Encyclopædia Britannica, Ninth Edition/Cantabria

CANTABRIA, a district of Hispania Tarraconensis, lying on the south coast of the Bay of Biscay. By the more ancient geographers the name was applied to the entire country now occupied by the provinces of Asturias, Santander, Biscay, and Guipuzcoa. After the conquest of Spain by the Romans, the name of Cantabria was restricted to what is now the province of Santander and the eastern portion of Asturias.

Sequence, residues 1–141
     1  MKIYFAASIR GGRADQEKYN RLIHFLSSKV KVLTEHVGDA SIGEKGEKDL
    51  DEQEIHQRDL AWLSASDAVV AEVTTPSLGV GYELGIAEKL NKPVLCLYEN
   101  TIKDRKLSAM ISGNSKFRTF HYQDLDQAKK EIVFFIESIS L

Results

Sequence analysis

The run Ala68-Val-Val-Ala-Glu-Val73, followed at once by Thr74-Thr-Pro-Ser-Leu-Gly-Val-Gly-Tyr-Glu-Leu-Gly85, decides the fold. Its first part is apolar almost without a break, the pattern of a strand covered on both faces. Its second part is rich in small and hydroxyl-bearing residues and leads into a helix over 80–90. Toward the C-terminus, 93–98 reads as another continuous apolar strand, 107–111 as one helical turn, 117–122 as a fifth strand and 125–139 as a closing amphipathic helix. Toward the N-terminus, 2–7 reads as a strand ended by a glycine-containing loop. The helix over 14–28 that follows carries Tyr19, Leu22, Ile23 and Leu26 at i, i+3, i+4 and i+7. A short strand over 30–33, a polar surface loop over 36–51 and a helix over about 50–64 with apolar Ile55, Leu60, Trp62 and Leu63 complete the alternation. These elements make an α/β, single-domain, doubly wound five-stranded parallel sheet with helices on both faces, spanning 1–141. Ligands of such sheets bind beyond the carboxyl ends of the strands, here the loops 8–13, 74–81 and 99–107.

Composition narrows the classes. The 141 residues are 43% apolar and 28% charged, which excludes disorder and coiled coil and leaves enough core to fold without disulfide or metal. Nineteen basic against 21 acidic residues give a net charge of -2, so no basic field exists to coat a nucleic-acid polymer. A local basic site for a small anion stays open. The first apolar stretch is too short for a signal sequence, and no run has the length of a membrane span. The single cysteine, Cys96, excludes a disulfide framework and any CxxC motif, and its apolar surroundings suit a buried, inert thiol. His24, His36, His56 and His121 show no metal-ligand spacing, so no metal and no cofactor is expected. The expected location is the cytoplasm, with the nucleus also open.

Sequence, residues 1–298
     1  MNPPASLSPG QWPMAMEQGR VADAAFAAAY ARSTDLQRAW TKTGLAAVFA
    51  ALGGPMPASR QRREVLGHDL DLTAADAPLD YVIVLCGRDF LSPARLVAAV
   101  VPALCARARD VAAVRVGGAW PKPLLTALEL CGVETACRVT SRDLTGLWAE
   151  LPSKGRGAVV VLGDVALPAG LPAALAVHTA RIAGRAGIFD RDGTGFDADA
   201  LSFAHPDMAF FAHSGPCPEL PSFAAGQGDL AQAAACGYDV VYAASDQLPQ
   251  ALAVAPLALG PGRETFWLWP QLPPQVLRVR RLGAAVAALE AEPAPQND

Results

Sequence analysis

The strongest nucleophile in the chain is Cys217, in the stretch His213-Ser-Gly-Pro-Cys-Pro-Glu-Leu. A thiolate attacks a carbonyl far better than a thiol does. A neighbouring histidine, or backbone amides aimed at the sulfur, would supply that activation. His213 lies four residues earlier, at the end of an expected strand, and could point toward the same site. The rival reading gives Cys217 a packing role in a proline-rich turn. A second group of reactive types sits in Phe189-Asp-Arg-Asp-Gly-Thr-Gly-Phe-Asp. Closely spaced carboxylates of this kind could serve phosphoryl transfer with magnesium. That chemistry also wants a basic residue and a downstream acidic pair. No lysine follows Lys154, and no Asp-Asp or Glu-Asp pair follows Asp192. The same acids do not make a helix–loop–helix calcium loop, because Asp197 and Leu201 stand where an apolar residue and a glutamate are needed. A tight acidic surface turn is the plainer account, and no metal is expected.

The Cantabri were not improbably the remains of an ancient Iberian population, and were, according to some, the ancestors of the modern Basques. They were the most warlike of all the native Spanish tribes that the Romans had to encounter, and were never completely subdued. Together with the Astures, they offered for many ages a successful resistance to the Roman arms, and were only at last compelled to acknowledge the supremacy of Rome by Augustus. They revolted a few years after, but were defeated with great slaughter by Agrippa, 19 B.C. When, however, their losses had been somewhat repaired, they again declared war ; and they were only kept in check by the most vigorous exertions of the Emperor Tiberias. Their indomitable spirit is frequently alluded to in the ancient classics; among others Horace alludes to the " Cantabrum indoctum juga ferre nostra." Cantabria under the Roman empire comprehended five principal tribes, the Pleutauri, the Varduli, the Autrigones, the Conisci or Concaui (who fed on the blood of their horses, " Icetum equino sangiiine Concanntn "), and the Tuisi. There were numerous towns and villages distributed throughout the country, of which the most important was Juliobriga.